Crustal types and crustal reworking
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Irina M. Artemieva
Geology Section, IGN
University of Copenhagen
Øster Voldgade 10
|A global perspective on crustal
structure and evolution
Crustal structure preserves a unique record of physical and chemical conditions of its formation and later
modification by geodynamic processes. The existence of broad global correlations between crustal structure
and tectonic settings led to models of crustal typization by 1D crustal columns based on absolute thicknesses
of crustal layers and the Moho depth.
Here we propose a fundamentally different approach to typify the crust and geodynamic models of crustal
evolution. We demonstrate that the relative ratio of the thicknesses of three principal crustal layers
(sedimentary/felsic-intermediate/mafic in continents and Layer1/Layer2/Layer3 in oceans) is a fundamental
characteristic of the crust. The relative ratio uniquely specifies the crustal structure in different tectonic
settings and is independent of the absolute values of thickness of the crustal layers and the Moho depth.
We analyze this new fundamental characteristic of the crust by ternary diagrams based on seismic models for
continental and oceanic crustal structure in the northern Eurasia – northern Atlantics region and for selected
oceanic provinces of different geodynamic origin, where seismic models for the crust are available.
We present global and regional trends of crustal evolution and, as a practical application of the new approach,
calculate average crustal densities in different continental and oceanic tectonic settings.
Ternary diagram for relative thicknesses of three major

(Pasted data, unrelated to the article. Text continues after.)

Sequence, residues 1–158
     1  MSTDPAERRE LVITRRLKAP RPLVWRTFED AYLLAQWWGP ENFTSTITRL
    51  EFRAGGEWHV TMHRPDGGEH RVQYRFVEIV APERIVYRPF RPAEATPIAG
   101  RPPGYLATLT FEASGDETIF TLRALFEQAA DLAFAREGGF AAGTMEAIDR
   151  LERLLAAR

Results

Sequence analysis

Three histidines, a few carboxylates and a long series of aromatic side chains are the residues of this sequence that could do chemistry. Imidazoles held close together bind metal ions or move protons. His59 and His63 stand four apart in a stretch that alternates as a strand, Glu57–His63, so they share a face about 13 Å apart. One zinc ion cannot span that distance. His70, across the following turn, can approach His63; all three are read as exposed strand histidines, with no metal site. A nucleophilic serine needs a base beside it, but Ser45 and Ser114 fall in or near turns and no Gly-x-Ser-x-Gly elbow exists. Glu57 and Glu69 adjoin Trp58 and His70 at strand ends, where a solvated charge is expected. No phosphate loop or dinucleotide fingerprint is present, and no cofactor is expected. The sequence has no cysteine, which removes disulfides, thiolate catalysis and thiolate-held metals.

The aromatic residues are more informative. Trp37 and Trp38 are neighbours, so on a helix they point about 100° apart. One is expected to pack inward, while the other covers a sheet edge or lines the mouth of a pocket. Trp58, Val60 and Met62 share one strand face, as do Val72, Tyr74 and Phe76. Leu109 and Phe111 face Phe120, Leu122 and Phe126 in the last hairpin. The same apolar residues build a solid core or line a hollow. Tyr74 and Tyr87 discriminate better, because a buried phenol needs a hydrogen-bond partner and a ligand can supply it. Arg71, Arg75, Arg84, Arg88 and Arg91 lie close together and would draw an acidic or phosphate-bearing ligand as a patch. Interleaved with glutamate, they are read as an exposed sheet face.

crustal layers in continental and oceanic crustal provinces:
(1) sedimentary cover (or Layer1),
(2) upper-middle crust of felsic-intermediate composition (or
Layer2 for oceanic crust),
(3) lower and high-Vp lowermost crust of mafic composition
(Layer 3 for oceanic crust).
Cross-plots for relative thickness of three major crustal layers in different
tectonic provinces worldwide.
The two-letter name abbreviation for tectonic provinces is explained in Table
S1. Color code is the same as in Figs.1, 2.
A strong correlation between relative thicknesses of the felsic-intermediate
and mafic layers indicates that both layers are affected by major processes
of crustal formation and modification.
Typical values of average density of oceanic and
continental crust in different tectonic settings.
Color code for crustal provinces is the same as in Figs.1, 2, 4.
Bulk crustal densities are calculated by assuming typical densities
for three crustal layers:
2500 kg/m3for sediments/Layer 1;
2750 kg/m3for the upper-middle crust/Layer 2, and
3000 kg/m3for the lower and high-Vp lowermost crust/Layer 3.